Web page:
Retired superintendent Frankly Chu should be credited with his “selfless commitment to public service” despite being convicted of hitting a pedestrian with a baton, his lawyer has said.
“He could have said he should be excused from [Occupy operations] because he was close to retiring, but he didn’t say that and this was appreciated,” Chu’s counsel Peter Pannu said at the Eastern Magistrates’ Courts on Friday.
Chu, 57, was found guilty last Monday of one count of assault occasioning actual bodily harm during the 2014 pro-democracy protests. He had spent two weeks at a detention centre before Friday’s mitigation hearing.
A number of videos taken on November 26, 2014 appear to show pedestrians being hit with a baton without prior warning as part of the police operation to disperse crowds that had gathered in the area.
Summarising 40 letters of appreciation Chu received from his police colleagues, lawmakers and churchgoers, Pannu said Chu is highly regarded as a “good friend and a respectable officer.” Chu’s daughter, who is studying law, also said Chu is a “good father.”
Pannu argued that it should be taken into account that Chu’s assault took place only less than a minute prior to “a mob charging” at police officers near where Chu was filmed hitting the victim Osman Cheng with a baton.
He said Cheng might have been part of the “mob.” But Principal Magistrate Bina Chainrai dismissed the argument, saying that whether Cheng was a protester or not is irrelevant to the charge.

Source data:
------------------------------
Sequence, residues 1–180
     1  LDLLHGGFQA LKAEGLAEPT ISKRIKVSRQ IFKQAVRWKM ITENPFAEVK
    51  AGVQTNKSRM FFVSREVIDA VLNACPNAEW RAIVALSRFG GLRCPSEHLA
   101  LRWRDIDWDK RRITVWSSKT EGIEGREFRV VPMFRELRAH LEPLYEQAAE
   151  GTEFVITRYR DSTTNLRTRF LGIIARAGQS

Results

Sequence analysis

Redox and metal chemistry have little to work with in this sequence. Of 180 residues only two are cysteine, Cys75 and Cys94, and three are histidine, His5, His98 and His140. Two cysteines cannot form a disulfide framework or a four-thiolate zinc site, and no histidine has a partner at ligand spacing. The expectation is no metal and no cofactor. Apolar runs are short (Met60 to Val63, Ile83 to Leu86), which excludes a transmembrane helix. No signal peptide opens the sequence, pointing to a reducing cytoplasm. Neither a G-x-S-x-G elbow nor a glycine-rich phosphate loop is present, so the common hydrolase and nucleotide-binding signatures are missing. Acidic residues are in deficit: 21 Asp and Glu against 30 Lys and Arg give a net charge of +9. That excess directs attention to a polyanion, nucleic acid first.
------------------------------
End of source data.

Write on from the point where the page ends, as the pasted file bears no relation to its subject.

Magistrate Chainrai will hand down a sentence next Wednesday. Chu, who wore a suit and remained expressionless during the hearing, was taken back into custody.
Several supporters from the Alliance in Support of Our Police Force held placards outside court on Friday reading: “Police officers were arrested for trying to combat violence, Hongkongers are angry.”
During the trial, Chu said he sincerely believed in his duty to defend the rule of law and prevent the Mong Kok occupation area from being taken back by protesters. He denied that he had any political motive.
He also alleged that Cheng had acted aggressively towards his colleagues on the night in question, and therefore he decided to use “appropriate” force against Cheng.
Magistrate Chainrai said Cheng was a reliable and honest witness. The court found that he was only leaving the scene at the time and did not engage in violent acts, nor was he carrying any weapons.
She said Chu had no reason to hit Cheng with a baton, calling his actions unreasonable and unacceptable.
Chu was charged in March, more than 850 days after the incident took place. Earlier this year, Cheng’s lawyers threatened a private prosecution if the justice secretary continued to take no action on the case.
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